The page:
Sonoma native Ada Limón appointed to unprecedented 2-year second term as US Poet Laureate

“Ada (Limón) has been a stellar ambassador for the Library of Congress and an agent of grace and brilliance in continuing to broaden the reach of poetry to new audiences,” said Librarian of Congress Carla Hayden after announcing that she has appointed the Sonoma native to an unprecedented two-year second term.|

Sonoma Valley native Ada Limón will be serving an unprecedented two-year second term as the nation’s 24th Poet Laureate Consultant in Poetry, sparked by the success she achieved in her first term.

“Ada has been a stellar ambassador for the Library of Congress and an agent of grace and brilliance in continuing to broaden the reach of poetry to new audiences,” said Librarian of Congress Carla Hayden. “Her dazzling talent is allowing us to take the laureateship on groundbreaking new projects by collaborating with diverse communities and institutions.

“Ada’s passion can be read in her words, and we are eager to see the magic she will spark the next two years.”

Several previous poets laureate have served one-year second terms, but none have been appointed to two-year for a second term. Still in the midst of her first term, Limón’s new term runs from September 2023 through April 2025.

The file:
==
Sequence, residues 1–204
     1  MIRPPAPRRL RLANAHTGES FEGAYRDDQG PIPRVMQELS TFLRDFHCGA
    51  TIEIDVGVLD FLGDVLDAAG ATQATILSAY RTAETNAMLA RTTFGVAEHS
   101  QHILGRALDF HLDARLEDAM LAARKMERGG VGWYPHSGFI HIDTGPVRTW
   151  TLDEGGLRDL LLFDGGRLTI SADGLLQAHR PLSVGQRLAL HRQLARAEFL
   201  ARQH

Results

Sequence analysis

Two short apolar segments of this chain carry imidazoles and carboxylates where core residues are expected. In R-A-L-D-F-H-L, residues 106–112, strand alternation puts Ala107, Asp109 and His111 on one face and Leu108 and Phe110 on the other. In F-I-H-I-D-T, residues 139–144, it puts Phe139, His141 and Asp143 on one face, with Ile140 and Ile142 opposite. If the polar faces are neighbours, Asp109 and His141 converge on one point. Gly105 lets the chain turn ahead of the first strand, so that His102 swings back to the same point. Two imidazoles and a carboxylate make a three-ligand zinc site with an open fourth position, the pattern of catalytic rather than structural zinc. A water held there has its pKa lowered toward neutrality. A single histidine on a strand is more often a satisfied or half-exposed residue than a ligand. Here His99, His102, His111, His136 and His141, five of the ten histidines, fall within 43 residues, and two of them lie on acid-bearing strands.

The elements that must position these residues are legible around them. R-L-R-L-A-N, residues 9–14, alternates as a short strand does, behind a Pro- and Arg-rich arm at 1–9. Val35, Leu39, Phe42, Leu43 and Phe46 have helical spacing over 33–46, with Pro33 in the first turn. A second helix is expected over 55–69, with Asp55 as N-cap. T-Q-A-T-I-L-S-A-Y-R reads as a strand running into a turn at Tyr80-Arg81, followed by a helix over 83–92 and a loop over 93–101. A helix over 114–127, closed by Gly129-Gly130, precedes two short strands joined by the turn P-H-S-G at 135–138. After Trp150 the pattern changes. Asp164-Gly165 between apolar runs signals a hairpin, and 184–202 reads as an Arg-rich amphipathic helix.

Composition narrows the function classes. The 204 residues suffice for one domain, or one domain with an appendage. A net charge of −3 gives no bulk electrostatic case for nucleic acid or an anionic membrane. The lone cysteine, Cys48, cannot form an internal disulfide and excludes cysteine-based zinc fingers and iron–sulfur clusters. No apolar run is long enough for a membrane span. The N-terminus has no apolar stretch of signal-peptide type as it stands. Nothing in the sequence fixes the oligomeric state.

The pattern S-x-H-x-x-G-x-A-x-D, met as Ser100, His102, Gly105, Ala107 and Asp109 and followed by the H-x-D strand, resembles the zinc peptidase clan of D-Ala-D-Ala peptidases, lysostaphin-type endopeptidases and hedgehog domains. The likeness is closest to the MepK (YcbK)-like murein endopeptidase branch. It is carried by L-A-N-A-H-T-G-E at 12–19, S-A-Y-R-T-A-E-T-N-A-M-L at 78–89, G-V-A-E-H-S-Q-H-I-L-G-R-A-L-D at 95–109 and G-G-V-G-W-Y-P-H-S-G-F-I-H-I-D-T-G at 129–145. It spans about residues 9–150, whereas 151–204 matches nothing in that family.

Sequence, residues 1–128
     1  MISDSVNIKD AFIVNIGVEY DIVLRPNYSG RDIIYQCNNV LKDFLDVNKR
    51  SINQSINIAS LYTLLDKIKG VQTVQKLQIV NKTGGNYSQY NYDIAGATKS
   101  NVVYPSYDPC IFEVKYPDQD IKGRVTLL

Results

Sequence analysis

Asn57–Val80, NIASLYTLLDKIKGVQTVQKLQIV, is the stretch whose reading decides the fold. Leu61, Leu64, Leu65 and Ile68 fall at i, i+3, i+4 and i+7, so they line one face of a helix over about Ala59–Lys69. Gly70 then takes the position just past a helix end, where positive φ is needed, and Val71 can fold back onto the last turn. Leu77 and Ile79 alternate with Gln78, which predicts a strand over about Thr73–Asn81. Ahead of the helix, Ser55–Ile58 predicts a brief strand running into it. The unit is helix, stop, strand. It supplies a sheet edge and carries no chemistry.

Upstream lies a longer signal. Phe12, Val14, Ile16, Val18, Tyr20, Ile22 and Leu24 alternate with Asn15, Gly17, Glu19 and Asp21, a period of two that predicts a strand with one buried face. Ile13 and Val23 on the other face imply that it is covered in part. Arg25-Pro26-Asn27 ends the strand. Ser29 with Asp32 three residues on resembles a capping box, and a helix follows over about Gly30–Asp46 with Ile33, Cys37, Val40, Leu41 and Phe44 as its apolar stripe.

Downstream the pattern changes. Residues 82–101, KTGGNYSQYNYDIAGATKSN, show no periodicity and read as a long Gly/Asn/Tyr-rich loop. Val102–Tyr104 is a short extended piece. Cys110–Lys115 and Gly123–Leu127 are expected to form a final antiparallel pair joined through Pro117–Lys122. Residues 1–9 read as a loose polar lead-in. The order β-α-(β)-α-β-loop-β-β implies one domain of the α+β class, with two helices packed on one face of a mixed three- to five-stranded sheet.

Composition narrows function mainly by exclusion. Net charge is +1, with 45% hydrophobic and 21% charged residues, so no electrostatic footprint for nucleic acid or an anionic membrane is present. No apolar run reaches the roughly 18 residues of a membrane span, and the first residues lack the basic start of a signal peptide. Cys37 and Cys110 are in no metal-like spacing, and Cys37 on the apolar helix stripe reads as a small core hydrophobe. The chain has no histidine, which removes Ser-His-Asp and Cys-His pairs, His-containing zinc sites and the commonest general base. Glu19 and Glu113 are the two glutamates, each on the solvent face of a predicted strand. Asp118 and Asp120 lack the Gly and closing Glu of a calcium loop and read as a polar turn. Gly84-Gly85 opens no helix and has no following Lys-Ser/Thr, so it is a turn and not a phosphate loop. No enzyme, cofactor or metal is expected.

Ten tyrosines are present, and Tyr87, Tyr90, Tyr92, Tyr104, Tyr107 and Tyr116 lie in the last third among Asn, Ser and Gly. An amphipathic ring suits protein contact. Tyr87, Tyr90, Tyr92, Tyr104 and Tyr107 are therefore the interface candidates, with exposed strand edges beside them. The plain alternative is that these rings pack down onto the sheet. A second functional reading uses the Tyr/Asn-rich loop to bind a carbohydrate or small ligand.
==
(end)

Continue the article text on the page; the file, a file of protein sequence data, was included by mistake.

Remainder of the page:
“I’ve loved serving in this role and I know there is so much more we can accomplish,” Limón told the Index-Tribune. “Dr. Hayden is such an inspiration, and her confidence in me is truly moving.”

Poets laureate seek to raise the national consciousness to better appreciate the reading and writing of poetry. Specific duties are kept to a minimum so they have sufficient time to focus on their own projects, but in recent years, poets laureate have initiated projects that have broadened the audiences for poetry. For their term, they receive a $35,000 stipend and $5,000 for travel expenses.

The announcement of Limón’s new appointment coincides with her upcoming appearance at the Sonoma Valley Authors Festival, which will run from Friday, April 28 to April 30 at Fairmont Sonoma Mission Inn & Spa in Sonoma. Limón and Jeffrey Brown, senior correspondent and chief arts correspondent for “PBS NewsHour,” are scheduled to deliver a keynote session on Saturday afternoon from 3:30 to 4:15 p.m.

Limón will also be featured in the festival’s free Authors on the Plaza event on Saturday from 11 a.m. to 2 p.m., alongside Abraham Verghese and Dave Barry.

Ada Limón, Poet Laureate of the United States, reads a selection of her poems during a Santa Rosa Junior College Arts and Lectures event in Santa Rosa on Tuesday, Nov. 22, 2022. (Christopher Chung/The Press Democrat)